Deuter aircontact lite 35 + 10 in-depth review from a lady adventurer! lower chest pain

Pros: This backpack is super adjustable. You can shift the torso settings to complement your body, and use the load lifters to make sure the weight-distribution is right. Plus the shape of the straps compliments the torso really well, preventing”digging” sensations.

Cons: The hip-pockets are surprisingly small. You can probably fit one candy bar in these compartments easily. I’m spoiled and have had the opportunity to wear a couple of backpacks with impressive storage compartments. My previous backpack ( Superior Wilderness Designs’ 35L) allowed me to stash my cell phone AND snacks in the same pocket. While I think you can certainly do without the extra space, you’ll probably end up taking more breaks on the trail to access food that’s in less-accessible pockets.

Additionally, it’s a little heavier than a lot of competing backpacks. Deuter Backpacks are notoriously meaty products.

Many long-distance backpackers air on the side of lightweight products to lessen the impacts on their joints. While this particular backpack isn’t quite ultralight, it is pretty light for a Deuter backpack and will carry heavy loads with grace.

Travel enthusiasts seem to think incredibly highly of this product. This Aircontact Lite 35 + 10L currently has reviews that are 4 stars or higher. Several gear junkies stated that the straps are really comfortable (there’s no “digging” sensation). And this pack can take a beating.

Women’s torsos tend to be a little shorter than men’s, and this Deuter backpack takes that into consideration. It’s pretty easy to customize it to fit your needs. And the straps have an ‘S’ shape to compliment the female build. Deuter did a great job with implementing adjustability into this backpack.

But I ordered a small backpack and found the hip belt to be larger than expected. I have to cinch it almost all the way down to the buckles, which leaves me with a ton of extra webbing. While the extra webbing isn’t really a manufacturing flaw, I’ll personally probably either cut them shorter or find a way to rig them out of my way. Because otherwise, they dangle down to my knees.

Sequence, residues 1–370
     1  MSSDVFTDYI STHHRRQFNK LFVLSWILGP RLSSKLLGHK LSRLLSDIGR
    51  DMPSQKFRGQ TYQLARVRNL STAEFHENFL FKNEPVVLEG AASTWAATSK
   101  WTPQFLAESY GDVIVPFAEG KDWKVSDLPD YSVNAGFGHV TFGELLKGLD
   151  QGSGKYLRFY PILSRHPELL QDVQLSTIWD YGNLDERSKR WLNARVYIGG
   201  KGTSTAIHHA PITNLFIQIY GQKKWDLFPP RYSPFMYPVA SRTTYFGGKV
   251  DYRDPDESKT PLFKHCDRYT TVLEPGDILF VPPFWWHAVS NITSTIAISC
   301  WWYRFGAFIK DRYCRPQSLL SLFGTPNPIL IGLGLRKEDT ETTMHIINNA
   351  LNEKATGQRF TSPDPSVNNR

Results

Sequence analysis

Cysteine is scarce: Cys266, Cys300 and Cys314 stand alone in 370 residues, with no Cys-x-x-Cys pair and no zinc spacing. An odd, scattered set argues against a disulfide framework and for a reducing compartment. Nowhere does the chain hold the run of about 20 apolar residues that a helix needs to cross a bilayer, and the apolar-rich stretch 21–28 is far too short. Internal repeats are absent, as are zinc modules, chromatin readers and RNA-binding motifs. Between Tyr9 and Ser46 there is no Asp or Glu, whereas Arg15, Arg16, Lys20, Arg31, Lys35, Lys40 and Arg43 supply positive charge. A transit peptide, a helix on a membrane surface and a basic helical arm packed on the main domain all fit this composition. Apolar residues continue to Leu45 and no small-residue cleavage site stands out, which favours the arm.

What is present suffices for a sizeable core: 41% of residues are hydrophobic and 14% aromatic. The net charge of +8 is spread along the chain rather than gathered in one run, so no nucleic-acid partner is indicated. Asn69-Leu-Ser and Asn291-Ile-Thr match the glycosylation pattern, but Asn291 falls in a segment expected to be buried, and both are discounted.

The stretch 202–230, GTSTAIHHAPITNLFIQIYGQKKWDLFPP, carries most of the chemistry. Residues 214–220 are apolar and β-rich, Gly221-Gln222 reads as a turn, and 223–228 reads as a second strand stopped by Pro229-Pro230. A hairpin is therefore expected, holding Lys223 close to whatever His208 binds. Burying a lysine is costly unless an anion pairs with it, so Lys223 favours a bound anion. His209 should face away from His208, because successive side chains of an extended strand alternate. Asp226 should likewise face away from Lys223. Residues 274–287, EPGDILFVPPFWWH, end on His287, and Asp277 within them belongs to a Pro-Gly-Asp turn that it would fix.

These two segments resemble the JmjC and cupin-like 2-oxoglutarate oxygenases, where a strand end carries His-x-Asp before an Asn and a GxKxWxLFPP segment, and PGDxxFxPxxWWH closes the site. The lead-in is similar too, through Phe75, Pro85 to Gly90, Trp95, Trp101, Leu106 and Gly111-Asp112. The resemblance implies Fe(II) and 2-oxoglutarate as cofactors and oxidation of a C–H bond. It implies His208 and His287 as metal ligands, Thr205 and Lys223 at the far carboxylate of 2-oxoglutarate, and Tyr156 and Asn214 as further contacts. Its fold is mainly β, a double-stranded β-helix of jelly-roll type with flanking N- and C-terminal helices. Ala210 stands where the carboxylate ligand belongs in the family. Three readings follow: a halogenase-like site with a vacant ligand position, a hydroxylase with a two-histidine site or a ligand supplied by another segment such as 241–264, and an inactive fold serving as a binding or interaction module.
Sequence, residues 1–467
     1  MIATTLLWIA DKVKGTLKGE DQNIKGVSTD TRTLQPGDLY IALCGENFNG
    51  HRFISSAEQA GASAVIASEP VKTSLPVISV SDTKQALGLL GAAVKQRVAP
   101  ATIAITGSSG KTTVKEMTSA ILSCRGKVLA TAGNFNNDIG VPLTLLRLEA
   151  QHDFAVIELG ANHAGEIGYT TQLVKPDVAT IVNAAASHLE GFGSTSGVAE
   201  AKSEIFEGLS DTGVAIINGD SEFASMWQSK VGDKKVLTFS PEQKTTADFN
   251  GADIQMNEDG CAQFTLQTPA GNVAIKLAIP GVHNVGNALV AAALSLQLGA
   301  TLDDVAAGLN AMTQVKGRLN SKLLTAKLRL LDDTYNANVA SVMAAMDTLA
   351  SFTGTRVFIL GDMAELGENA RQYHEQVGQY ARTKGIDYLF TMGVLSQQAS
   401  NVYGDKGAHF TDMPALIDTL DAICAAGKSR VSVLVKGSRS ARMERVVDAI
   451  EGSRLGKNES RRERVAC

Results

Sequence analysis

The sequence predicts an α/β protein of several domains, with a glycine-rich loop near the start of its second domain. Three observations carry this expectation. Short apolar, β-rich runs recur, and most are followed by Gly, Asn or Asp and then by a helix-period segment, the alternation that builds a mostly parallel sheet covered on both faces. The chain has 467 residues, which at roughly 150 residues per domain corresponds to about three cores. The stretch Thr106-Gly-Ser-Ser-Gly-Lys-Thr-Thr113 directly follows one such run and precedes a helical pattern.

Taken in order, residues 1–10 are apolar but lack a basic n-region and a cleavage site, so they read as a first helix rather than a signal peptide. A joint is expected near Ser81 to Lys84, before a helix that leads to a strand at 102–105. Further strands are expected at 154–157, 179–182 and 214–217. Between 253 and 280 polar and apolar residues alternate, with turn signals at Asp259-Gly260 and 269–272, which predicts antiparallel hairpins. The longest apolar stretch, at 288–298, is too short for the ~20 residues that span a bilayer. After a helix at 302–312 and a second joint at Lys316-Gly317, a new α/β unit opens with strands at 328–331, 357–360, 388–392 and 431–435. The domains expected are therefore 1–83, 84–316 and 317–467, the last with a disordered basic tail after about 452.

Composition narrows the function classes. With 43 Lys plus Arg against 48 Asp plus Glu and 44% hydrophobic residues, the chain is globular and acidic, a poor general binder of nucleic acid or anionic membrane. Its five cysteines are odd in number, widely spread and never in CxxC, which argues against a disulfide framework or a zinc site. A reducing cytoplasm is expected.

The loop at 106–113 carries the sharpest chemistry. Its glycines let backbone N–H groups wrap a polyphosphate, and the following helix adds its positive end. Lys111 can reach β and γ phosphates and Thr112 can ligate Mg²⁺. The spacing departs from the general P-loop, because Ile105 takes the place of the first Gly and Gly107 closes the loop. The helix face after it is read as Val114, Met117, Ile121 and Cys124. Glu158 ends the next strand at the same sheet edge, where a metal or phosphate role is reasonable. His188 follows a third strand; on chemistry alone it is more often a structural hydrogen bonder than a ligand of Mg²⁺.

Before discovering Deuter Aircontact Lite, I always wore unisex backpacks. I figured that making “women’s specific” backpacks is just a marketing scheme. But I actually think that buying a women’s specific backpack makes a difference. While ultimately, your gear doesn’t generally determine whether or not you complete your expedition, it can certainly make your trip more comfortable.

I’ve been really impressed with the straps and torso on this backpack. And I’m pretty confident it’s due to the adjustments that Deuter makes for women. That said, you can certainly get away with a unisex backpack. But I’m pretty intrigued by the Aircontact Lite’s female-friendly features.

The weight distribution of this Deuter backpack is on point. Meaning you can carry a heavy load and barely notice a strain. That said, I personally feel like there’s a little too much padding. While the padding makes the backpack comfortable, it also adds to the overall weight that you have to carry.

A 3.4 lbs backpack is a little heavy compared to similar backpacking products. The above-average weight could be attributed to a number of things; Any time an engineer adds extra zippers, padding, compartments and buckles, you’re adding a noticeable amount of weight.

While the design makes for an easily-organized backpack, it also adds to the overall weight of the product. Some of these add-ons are detachable on this particular backpack. So you can strip it to make it a little bit lighter. But a heavier backpack usually means that it can take a beating.